After Alexander's forces took Gaza, the path to Egypt opened up. In ancient times, Egypt was the goal of many foreign empires, as its wealth was considerable. The land also presented a challenge, however, as it was surrounded by desert on three sides. The Egyptians, who deeply resented Persian rule, surrendered to Alexander without a fight. Alexander was crowned Pharaoh and underwent all the traditional rituals; he won over popular support by a careful display of religious piety. When Alexander died and his empire was distributed, Egypt would be claimed by Ptolemy, who set up a private estate and created a dynasty that benefited from Alexander's popular reception. In 331 B.C., the new Pharaoh began to explore the lower part of his territory. In the western part of the Nile Delta he found a coastal region that appeared suitable for a city; soon Alexandria–named such even to this day–was founded.
By the spring of 331 B.C., the Macedonian army was on its way back to Phoenicia, where it would begin the final preparations for the Persian invasion. Alexander had to tend to several administrative matters among the various governments and rulers he had installed. In the meantime, Darius organized and stationed his Grand Army on the Euphrates at Babylon, the capital of Mesopotamia. Darius, who expected Alexander's route to follow the Euphrates, hoped to gain an advantage by choosing his own optimal battleground. Moreover, Darius sent a scout to disrupt the expected route, in order to make Alexander's journey as difficult as possible.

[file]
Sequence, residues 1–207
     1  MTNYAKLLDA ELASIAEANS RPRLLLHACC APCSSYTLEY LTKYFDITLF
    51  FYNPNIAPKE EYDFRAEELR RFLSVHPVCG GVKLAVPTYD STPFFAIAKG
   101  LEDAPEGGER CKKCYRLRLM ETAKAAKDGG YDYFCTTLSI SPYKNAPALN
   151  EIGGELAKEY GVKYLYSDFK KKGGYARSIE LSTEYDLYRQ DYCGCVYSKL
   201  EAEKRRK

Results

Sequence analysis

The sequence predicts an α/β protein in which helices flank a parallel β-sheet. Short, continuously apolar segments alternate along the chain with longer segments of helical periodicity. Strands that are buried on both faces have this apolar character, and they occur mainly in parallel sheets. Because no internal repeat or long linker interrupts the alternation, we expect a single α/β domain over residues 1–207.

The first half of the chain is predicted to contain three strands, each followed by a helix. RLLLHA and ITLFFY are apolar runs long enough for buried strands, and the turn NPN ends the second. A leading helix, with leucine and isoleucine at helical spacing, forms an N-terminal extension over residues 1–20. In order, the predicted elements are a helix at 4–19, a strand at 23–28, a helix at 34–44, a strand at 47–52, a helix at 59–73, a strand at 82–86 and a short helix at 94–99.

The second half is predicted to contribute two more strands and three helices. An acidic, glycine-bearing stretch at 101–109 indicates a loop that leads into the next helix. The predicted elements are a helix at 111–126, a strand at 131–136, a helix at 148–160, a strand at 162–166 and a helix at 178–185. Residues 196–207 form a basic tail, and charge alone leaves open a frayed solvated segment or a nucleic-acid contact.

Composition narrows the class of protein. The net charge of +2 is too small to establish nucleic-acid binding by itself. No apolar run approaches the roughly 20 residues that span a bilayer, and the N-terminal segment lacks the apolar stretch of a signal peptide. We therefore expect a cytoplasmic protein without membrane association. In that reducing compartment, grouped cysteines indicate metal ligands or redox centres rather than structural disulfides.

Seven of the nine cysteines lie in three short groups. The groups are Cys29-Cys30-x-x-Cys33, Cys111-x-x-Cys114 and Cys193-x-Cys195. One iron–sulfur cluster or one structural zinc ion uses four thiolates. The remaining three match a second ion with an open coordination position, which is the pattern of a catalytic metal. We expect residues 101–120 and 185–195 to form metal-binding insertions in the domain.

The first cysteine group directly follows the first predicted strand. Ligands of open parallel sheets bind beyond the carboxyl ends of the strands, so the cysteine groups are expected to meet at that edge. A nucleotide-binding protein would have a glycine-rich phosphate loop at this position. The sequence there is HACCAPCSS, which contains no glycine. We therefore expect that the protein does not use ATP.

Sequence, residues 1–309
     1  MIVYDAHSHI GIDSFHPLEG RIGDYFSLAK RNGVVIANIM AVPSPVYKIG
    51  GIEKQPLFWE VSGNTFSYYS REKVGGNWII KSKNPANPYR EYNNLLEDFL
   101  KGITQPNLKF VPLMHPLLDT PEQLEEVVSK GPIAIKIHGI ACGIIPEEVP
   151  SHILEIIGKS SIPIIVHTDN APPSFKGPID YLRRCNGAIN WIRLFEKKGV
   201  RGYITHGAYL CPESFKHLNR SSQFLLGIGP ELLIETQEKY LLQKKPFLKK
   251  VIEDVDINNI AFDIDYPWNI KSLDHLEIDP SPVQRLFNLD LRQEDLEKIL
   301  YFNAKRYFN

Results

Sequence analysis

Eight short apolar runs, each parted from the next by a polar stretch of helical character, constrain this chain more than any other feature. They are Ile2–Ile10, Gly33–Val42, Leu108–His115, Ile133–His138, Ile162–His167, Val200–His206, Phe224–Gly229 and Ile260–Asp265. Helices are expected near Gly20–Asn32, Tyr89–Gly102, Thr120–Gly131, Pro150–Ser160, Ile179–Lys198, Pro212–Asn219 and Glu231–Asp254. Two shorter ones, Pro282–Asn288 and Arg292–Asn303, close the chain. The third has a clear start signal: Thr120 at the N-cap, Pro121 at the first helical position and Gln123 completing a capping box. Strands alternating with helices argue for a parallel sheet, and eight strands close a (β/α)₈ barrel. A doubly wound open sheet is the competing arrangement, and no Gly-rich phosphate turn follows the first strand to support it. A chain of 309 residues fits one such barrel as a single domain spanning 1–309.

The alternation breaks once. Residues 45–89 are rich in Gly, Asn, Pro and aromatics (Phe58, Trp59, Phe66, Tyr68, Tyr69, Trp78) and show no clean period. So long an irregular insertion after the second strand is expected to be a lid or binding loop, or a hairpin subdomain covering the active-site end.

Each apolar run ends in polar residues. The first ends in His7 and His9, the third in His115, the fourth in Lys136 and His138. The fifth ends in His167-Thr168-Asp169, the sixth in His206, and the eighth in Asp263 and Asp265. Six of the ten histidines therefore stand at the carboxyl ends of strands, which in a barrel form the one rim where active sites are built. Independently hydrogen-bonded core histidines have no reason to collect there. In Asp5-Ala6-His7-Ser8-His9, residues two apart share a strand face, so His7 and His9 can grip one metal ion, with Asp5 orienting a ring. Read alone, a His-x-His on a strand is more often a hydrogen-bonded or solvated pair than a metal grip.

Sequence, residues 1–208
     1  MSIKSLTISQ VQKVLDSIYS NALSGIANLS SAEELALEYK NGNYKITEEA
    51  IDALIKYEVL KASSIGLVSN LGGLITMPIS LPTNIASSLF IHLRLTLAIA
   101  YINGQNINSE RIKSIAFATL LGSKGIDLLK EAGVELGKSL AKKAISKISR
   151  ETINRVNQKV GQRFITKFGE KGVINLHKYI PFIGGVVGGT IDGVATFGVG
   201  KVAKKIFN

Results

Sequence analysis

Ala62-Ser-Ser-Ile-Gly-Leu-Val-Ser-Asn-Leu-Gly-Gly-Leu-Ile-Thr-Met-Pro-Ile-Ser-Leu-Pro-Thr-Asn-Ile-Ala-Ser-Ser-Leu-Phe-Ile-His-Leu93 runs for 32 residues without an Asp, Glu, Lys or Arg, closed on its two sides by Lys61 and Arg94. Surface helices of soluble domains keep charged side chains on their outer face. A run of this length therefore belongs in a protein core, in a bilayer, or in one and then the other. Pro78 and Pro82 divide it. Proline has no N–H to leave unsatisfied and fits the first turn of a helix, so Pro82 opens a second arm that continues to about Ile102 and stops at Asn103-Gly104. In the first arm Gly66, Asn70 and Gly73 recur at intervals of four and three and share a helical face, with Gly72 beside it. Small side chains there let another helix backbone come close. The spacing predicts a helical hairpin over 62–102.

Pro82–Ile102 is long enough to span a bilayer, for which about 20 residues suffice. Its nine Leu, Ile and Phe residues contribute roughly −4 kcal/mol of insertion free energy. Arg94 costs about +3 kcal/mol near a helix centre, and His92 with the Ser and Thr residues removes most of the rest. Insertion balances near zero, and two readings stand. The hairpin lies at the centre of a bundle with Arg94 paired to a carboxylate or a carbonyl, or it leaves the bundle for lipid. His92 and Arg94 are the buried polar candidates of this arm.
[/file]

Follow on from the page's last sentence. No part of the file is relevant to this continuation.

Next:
Alexander, however, saw through this plan completely, so he took a longer route that ran by the Tigris River. He recognized that the Persians would either lose spirit and energy in their extended wait, or else be forced to meet him at the Tigris. Darius decided to try to ambush the Macedonians as they were crossing the river–a tactic that required the Macedonians not only reach the area before Alexander, but also correctly predict where he would try to cross. Alexander had the fortune of capturing some Persian scouts and learning Darius's plans. He was able to change routes and cross the river undisturbed, though the crossing was difficult and a Persian ambush would have been devastating. Darius's plans had, then, been foiled a second time, and his only recourse was to find the most suitable ground for battle at this point. He chose a field near the village of Gaugamela.
The battle took place on October 1, 331 B.C. Darius's army stood on the strength of its 34,000 cavalry, who were well trained and equipped. His infantry, which may have amounted to nearly 100,000, was of little value beyond the core group of 2,000 Greek mercenaries and the 2,000 Persians who constituted the royal bodyguard. Though Alexander's army was considerably smaller, he employed his troops efficiently. Timing the attack perfectly, he began by fighting on the defensive until he saw the gap that his Companions could exploit. Soon, Darius was in danger of being encircled, and he was again forced to flee. Alexander stayed to carry out the battle, which again ended in a rout. The decisive battle proved to be one of the influential in world history. Alexander had essentially crippled Darius, and all that remained was a formal handover of power.
Readers' Notes allow users to add their own analysis and insights to our SparkNotes—and to discuss those ideas with one another. Have a novel take or think we left something out? Add a Readers' Note!